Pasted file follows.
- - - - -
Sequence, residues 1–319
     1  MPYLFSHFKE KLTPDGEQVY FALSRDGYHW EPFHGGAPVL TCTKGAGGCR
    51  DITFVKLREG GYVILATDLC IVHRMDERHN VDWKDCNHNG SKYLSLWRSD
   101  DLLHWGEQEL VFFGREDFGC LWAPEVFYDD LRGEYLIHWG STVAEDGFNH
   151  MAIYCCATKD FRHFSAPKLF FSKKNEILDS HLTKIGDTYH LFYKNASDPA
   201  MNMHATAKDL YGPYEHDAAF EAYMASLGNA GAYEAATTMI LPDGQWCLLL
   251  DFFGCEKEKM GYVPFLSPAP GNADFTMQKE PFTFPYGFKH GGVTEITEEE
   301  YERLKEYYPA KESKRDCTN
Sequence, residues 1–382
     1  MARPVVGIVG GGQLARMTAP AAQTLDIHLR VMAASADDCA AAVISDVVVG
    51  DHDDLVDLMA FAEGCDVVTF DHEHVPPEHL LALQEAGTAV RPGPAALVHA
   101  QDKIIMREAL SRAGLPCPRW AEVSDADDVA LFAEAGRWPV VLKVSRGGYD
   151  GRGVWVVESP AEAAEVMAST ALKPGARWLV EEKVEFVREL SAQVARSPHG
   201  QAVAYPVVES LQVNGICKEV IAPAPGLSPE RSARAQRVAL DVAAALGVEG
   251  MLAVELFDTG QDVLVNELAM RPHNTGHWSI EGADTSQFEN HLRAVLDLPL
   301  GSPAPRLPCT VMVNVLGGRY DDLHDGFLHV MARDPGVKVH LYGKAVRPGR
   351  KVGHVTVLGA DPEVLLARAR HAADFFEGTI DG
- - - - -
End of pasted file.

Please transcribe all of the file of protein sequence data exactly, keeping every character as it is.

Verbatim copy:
Sequence, residues 1–319
     1  MPYLFSHFKE KLTPDGEQVY FALSRDGYHW EPFHGGAPVL TCTKGAGGCR
    51  DITFVKLREG GYVILATDLC IVHRMDERHN VDWKDCNHNG SKYLSLWRSD
   101  DLLHWGEQEL VFFGREDFGC LWAPEVFYDD LRGEYLIHWG STVAEDGFNH
   151  MAIYCCATKD FRHFSAPKLF FSKKNEILDS HLTKIGDTYH LFYKNASDPA
   201  MNMHATAKDL YGPYEHDAAF EAYMASLGNA GAYEAATTMI LPDGQWCLLL
   251  DFFGCEKEKM GYVPFLSPAP GNADFTMQKE PFTFPYGFKH GGVTEITEEE
   301  YERLKEYYPA KESKRDCTN
Sequence, residues 1–382
     1  MARPVVGIVG GGQLARMTAP AAQTLDIHLR VMAASADDCA AAVISDVVVG
    51  DHDDLVDLMA FAEGCDVVTF DHEHVPPEHL LALQEAGTAV RPGPAALVHA
   101  QDKIIMREAL SRAGLPCPRW AEVSDADDVA LFAEAGRWPV VLKVSRGGYD
   151  GRGVWVVESP AEAAEVMAST ALKPGARWLV EEKVEFVREL SAQVARSPHG
   201  QAVAYPVVES LQVNGICKEV IAPAPGLSPE RSARAQRVAL DVAAALGVEG
   251  MLAVELFDTG QDVLVNELAM RPHNTGHWSI EGADTSQFEN HLRAVLDLPL
   301  GSPAPRLPCT VMVNVLGGRY DDLHDGFLHV MARDPGVKVH LYGKAVRPGR
   351  KVGHVTVLGA DPEVLLARAR HAADFFEGTI DG